For design professor Karen Cheng, art is equal parts creativity and critical thinking.
“Mostly, I solve problems,” said Cheng, who teaches in the School of Art + Art History + Design. “There’s a famous designer who said he thought of himself as a doctor who needs patients — the sicker the better. I feel that way, too.”
Since 2010, she’s worked on UW Medicine’s Code Blue forms, which are filled out when someone has a heart attack in the hospital, and she currently has a grant from the Royalty Research Fund to help people sort their garbage better on the UW campus.
“When you have trash, you just want to get rid of it,” Cheng said. “We’re making an interactive garbage can.”
The project is a collaboration with Associate Professor Kristine Matthews, based on ideas from students in the Master of Human-Computer Interaction and Design program. “When you put something in it, it’s going to give you a message like, ‘If everybody recycled like you, we’d save this much money,'” Cheng said.
She also collaborates with scientists to design the graphics that go at the beginning of their papers. These figures give the reader a quick glimpse of what’s to come.
“There are these halo effects: If you have a nice figure, people will think the paper will be better, that the science is more rigorous, and that the people are more intelligent,” Cheng said.
She compares it to the perception that people who are more attractive are often believed to be smarter, or how products can fly off the shelves quicker if their packaging is attractive.
If you’d like Cheng’s help on a project, stop by the Design Help Desk, which she runs with engineering professor Marco Rolandi. “It’s like a writing center, but for design,” Cheng said. The service is open to all UW students, faculty, and staff who have design questions with a project they’re working on.
Case Study: Notting Hill DVD
To simulate a design problem, I brought Cheng a copy of the 1999 romantic comedy Notting Hill, which I had rented from Suzzallo Library. The film stars Hugh Grant as a bookshop owner in London and Julia Roberts as an international movie star.
“Let’s say I’m working on this DVD cover,” I said. “How would we begin if I brought you it to you?”
The first thing, Cheng said, is that there needs to be a mutual understanding of the problem.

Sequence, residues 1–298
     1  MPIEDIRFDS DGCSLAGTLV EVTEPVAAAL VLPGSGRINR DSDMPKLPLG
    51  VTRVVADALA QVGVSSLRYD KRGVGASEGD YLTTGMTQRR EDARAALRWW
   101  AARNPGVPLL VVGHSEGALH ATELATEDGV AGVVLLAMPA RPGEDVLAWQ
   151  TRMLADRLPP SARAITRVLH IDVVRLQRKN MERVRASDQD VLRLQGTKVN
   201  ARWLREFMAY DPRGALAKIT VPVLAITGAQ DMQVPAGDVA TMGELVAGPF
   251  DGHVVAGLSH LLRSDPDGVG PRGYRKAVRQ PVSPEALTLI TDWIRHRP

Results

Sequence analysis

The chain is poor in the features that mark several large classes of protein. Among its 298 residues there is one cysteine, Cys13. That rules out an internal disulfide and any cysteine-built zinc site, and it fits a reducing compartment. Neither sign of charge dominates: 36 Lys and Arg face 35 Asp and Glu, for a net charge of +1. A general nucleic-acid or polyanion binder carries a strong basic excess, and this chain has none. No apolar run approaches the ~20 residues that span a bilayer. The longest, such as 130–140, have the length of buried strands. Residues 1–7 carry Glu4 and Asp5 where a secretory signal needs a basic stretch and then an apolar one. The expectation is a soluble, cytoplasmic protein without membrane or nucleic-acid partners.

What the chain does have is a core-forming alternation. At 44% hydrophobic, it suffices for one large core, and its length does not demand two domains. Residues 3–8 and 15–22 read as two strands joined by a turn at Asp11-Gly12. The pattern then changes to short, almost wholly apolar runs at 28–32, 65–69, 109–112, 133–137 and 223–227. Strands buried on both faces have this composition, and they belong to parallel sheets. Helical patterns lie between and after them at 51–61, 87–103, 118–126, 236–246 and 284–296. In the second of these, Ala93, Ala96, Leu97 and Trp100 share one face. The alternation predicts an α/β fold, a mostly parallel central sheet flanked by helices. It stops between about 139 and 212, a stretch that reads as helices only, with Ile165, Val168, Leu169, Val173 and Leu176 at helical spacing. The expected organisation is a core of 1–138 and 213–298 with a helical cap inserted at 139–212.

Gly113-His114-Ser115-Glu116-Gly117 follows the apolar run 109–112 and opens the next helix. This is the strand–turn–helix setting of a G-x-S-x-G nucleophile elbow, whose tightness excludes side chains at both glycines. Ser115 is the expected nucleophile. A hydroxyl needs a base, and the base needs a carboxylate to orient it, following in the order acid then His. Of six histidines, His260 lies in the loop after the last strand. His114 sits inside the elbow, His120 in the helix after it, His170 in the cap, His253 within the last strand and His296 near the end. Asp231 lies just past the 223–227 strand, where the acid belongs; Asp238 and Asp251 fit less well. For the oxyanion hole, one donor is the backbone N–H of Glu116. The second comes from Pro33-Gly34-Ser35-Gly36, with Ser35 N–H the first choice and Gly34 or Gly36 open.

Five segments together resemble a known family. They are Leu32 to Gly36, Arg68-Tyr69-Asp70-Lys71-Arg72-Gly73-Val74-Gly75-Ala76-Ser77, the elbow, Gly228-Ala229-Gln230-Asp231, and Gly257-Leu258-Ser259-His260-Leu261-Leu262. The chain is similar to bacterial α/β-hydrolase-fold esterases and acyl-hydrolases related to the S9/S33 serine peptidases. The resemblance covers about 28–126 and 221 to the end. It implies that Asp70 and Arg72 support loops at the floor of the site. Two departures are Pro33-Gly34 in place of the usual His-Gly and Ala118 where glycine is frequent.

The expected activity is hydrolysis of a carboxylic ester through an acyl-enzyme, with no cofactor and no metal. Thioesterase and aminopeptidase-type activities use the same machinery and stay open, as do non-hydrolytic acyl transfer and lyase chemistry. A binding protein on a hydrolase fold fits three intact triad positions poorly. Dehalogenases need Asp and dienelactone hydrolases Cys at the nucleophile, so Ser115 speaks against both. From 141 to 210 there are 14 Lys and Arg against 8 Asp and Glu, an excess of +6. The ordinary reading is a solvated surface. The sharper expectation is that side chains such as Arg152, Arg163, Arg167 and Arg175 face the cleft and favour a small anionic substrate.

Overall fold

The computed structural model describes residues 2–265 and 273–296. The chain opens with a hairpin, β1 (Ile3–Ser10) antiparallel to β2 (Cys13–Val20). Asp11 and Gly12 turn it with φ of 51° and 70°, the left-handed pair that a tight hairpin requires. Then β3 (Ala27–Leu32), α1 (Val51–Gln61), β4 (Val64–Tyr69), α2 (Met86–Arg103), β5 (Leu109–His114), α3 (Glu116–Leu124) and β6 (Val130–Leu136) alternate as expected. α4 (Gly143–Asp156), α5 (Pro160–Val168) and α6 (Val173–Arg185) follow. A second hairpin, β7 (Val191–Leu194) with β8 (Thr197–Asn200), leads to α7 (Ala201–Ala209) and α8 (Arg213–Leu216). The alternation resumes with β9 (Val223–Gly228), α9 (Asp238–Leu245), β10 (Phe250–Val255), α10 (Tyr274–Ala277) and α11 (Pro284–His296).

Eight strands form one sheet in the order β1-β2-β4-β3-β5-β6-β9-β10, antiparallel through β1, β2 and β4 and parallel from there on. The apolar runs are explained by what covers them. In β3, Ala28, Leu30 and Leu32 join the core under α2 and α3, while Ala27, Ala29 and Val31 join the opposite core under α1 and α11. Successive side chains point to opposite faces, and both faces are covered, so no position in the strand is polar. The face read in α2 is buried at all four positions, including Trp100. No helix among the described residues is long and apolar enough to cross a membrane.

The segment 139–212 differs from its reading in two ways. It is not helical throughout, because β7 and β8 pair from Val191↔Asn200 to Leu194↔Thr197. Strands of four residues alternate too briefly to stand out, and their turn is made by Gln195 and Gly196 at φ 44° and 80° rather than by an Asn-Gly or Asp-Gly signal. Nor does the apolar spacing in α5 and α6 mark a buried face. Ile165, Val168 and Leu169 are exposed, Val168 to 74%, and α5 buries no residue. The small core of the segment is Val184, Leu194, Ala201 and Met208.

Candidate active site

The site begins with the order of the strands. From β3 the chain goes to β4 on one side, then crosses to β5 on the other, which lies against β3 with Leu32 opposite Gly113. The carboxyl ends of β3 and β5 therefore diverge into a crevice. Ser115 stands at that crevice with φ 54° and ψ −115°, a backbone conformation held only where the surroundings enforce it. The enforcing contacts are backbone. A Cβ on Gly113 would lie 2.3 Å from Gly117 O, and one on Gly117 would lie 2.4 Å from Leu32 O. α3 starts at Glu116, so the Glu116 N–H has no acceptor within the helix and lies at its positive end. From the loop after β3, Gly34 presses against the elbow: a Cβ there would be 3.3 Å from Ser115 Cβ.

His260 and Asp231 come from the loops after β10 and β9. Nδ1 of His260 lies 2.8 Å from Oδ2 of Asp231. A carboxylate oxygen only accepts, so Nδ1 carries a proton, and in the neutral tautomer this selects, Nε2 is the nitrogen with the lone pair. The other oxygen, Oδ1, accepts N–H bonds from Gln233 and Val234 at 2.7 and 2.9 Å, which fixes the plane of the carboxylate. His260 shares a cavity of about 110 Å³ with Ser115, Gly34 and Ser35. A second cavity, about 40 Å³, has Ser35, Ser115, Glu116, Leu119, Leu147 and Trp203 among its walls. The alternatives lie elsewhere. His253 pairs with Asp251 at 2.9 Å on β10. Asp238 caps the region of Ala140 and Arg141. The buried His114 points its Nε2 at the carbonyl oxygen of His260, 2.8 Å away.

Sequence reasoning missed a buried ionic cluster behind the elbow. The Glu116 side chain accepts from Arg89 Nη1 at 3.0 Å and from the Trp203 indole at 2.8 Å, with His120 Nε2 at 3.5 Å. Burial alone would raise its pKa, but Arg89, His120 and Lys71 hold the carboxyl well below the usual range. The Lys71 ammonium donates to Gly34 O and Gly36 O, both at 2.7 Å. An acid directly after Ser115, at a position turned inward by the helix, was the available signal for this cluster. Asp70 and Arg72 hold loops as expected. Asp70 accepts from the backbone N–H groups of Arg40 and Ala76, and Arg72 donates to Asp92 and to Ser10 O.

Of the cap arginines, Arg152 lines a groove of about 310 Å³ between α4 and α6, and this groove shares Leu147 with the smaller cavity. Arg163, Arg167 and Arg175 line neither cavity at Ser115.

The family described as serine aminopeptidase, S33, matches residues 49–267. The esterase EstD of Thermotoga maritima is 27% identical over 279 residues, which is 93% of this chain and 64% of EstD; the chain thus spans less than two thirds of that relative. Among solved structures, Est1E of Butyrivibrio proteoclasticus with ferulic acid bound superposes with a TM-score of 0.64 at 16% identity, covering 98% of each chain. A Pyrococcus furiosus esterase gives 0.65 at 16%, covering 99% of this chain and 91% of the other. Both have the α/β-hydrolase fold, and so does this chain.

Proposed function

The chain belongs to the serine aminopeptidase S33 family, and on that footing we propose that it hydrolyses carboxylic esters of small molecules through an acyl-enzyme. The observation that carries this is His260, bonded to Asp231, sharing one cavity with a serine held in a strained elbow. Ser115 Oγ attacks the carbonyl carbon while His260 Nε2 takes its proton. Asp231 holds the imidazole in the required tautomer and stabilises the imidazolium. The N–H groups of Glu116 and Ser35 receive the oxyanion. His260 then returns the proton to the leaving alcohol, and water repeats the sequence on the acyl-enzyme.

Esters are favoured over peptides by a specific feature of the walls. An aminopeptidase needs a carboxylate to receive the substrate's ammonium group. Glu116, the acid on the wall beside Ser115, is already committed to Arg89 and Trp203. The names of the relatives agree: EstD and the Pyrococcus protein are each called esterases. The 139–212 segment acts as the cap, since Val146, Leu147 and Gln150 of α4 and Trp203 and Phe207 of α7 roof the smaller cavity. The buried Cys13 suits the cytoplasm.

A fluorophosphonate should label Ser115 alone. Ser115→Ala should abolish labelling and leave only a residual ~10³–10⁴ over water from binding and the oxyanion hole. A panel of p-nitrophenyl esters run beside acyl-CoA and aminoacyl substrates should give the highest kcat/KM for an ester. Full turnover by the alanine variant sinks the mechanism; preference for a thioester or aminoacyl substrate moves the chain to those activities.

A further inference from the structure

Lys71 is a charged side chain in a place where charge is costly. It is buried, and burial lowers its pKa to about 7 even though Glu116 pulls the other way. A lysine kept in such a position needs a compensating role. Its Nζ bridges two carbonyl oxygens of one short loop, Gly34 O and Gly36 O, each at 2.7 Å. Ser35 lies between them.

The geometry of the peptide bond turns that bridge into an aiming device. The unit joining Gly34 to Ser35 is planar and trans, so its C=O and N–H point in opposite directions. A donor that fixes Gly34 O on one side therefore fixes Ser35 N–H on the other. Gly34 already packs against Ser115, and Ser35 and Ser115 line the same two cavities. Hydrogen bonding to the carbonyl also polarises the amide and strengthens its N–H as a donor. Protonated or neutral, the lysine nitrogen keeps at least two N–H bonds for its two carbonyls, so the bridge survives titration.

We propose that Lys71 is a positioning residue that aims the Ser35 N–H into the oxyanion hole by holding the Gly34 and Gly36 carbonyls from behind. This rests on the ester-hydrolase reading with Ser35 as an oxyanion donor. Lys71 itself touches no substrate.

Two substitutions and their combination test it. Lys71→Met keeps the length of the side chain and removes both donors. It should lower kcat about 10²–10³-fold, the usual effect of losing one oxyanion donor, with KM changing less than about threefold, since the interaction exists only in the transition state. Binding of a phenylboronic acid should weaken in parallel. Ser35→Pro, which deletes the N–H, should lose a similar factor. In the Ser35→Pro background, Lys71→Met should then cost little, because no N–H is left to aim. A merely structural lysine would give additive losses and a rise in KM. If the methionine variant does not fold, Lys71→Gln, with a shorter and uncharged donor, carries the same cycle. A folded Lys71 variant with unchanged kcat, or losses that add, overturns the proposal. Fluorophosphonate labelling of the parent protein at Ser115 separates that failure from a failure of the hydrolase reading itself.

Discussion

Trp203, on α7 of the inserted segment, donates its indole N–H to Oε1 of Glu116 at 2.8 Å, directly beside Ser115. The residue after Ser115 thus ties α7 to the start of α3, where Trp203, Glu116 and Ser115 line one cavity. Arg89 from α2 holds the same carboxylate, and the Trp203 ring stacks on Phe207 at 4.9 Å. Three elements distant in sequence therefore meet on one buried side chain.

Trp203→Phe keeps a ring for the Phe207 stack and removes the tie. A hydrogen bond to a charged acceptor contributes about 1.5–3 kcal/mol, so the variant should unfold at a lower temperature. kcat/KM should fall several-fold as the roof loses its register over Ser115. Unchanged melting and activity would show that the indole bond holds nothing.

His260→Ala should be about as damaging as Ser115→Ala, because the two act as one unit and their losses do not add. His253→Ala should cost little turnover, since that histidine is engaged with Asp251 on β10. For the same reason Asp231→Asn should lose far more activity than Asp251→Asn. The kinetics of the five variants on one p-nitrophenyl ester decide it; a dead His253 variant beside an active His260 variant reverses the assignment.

“What’s the most important thing that the cover needs to communicate?” Cheng asked. “Is the real sell Julia Roberts? Or is what’s charming about the movie that it’s a romantic comedy?”
In other words: who’s the audience, and what are you trying to tell them?
If I was working at the library, Cheng would ask me if this is a popular film that everyone is going to be looking for. Perhaps it will be part of a collection of romantic comedies that we put out on Fridays, or maybe a special display on Julia Roberts.
More than likely, I would come to Cheng with a specific concern, such as, “This DVD doesn’t get checked out very much and I want to find out why.”
Maybe it’s because Julia Roberts’ face is so blue, Cheng suggested. It’s meant to look like she’s on a movie screen, but that might not be clear to everybody who sees it. Or maybe it’s the placement of the library stickers — or “violators” as Cheng called them — which could be obscuring the selling point (there are two on top of Julia Roberts).
Whatever the project may be, Cheng said her interaction with people usually unfolds in a similar way.
“They lean in to me and tell me about their problem, and I’ll ask questions,” she said. “Then I’ll provide a response, and at that point they get a little sad and move back.”
Getting critiqued can be intimidating. Don’t let that scare you out of going to the Design Help Center. Cheng is unfiltered and honest, but she won’t make you shed any tears. I can’t say the same about Notting Hill.
Cheng has a B.S. from Penn State University and an M.A. from the University of Cincinnati College of Design, Art, Architecture and Planning. She designed the “Change” elevators in Paccar Hall along with Kristine Matthews (watch a video here).